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Monday, October 25, 2021

Miami fashion designer creates utilitarian hospital gowns for transplant patients

René Ruiz interviewed health professionals and transplant patients at Jackson Memorial hospital to come up with the functional hospital gown

By: Lifestyle Desk | New Delhi |
October 7, 2021 4:30:22 pm
rene ruizNotably, Rene Ruiz delivered 4,260 gowns to the hospital in June, 2021 (Source: Rene Ruiz/Instagram)

Why should designer clothes be only for celebrities and people in the public eye? This thought is what led Miami-based fashion designer René Ruiz of RENÉ BY RR, who is otherwise known for his extravagant red carpet gowns to design customised, functional hospital gowns for transplant patients at a local hospital — Jackson Memorial.

The designer, whose atelier is located in North Miami, interviewed doctors, nurses, and transplant patients at the hospital’s Miami Transplant Institute to find out how he could create a more comfortable, utilitarian hospital gown for the patients.

Ruiz told People, “I have always been philanthropic with Make-a-Wish Foundation, Multiple Sclerosis Society, etc, and given back to the community of Miami, but this was unusual, a real chance to make a difference in a patient’s life.”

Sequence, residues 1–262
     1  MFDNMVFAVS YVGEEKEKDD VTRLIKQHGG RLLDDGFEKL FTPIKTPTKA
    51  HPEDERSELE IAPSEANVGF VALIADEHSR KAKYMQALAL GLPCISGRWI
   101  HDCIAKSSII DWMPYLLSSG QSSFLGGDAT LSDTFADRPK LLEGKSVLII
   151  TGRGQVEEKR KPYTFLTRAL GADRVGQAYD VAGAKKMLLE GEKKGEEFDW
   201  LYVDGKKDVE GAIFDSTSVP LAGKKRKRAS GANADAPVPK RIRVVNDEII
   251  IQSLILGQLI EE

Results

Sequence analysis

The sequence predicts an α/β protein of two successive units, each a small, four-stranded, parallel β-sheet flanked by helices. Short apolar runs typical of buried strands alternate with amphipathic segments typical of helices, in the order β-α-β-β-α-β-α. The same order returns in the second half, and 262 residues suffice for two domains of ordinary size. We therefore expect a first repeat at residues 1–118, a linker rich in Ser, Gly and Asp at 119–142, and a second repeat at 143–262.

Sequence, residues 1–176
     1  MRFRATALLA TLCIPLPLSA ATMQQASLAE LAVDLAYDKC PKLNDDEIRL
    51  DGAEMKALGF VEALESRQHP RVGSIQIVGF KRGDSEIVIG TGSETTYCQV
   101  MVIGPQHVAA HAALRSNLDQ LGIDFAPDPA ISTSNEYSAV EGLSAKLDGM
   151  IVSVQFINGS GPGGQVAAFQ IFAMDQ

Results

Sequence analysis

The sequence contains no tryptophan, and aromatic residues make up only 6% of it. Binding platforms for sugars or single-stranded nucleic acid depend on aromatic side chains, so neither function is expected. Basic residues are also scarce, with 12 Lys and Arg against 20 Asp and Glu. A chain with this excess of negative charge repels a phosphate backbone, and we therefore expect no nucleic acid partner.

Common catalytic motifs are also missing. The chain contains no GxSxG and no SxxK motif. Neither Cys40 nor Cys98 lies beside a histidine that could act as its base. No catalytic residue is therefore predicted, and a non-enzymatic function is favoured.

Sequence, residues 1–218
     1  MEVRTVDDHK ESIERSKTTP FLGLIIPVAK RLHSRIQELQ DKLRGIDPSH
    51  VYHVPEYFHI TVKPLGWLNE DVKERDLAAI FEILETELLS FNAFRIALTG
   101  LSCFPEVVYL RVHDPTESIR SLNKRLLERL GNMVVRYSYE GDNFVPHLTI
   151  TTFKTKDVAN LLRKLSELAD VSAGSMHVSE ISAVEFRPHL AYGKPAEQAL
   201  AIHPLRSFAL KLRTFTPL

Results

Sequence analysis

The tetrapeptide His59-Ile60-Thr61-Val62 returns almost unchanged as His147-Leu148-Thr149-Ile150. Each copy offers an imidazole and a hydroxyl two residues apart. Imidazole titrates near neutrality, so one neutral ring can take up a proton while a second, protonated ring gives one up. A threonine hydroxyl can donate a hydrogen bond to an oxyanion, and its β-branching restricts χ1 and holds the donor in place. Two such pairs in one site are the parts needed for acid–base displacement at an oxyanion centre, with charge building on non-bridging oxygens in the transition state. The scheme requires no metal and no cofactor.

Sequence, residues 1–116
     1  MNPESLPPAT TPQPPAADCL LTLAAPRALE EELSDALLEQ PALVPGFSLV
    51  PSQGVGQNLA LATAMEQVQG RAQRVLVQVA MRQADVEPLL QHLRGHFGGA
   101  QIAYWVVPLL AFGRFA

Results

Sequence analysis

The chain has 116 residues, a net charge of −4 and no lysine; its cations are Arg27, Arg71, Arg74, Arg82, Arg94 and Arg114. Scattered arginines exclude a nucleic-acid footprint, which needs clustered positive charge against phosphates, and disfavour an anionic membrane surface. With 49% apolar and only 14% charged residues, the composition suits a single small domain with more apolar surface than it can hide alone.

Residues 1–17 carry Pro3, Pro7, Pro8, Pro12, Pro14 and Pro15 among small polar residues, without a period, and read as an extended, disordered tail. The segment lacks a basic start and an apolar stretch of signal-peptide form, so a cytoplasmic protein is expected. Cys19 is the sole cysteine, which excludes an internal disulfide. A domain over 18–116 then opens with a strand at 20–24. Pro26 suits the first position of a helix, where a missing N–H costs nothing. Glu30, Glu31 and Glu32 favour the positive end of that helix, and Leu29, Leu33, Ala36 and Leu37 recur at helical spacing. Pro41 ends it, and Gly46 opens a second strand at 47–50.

The final result is a light blue hospital gown made from a cotton poplin blend with royal blue trims, and features inside pockets and “special buttons for the lines to go in and out”, as per The Independent.

“Not only is it going to make the patient’s life while recovering easier, but also for the nurses and medical staff members who work on the transplant patients,” he told People.

Reportedly, Ruiz delivered 4,260 gowns to the hospital in June 2021 and also launched his “Legacy by Rene” line with one style of hospital gown. As per The Independent, he plans to create a general patient hospital gown for the said hospital as part of the line.

As per People, the fabric comes from Barcelona, Spain, and was manufactured in Miami by Goodwill Industries of South Florida. Ruiz wanted to get Goodwill involved because he once did a fashion show for the organisation, and their work force is made up of people with mental issues and transgender people. “I like to keep jobs in Miami and see these people happily employed,” he told the outlet.

He was also quoted as saying by Independent.com that designing gowns for patients has been “more rewarding than my other work”. “The look on the patient’s faces means everything. I am so happy to have helped make their lives easier after the surgery. The whole project has been amazing and so worth it.”

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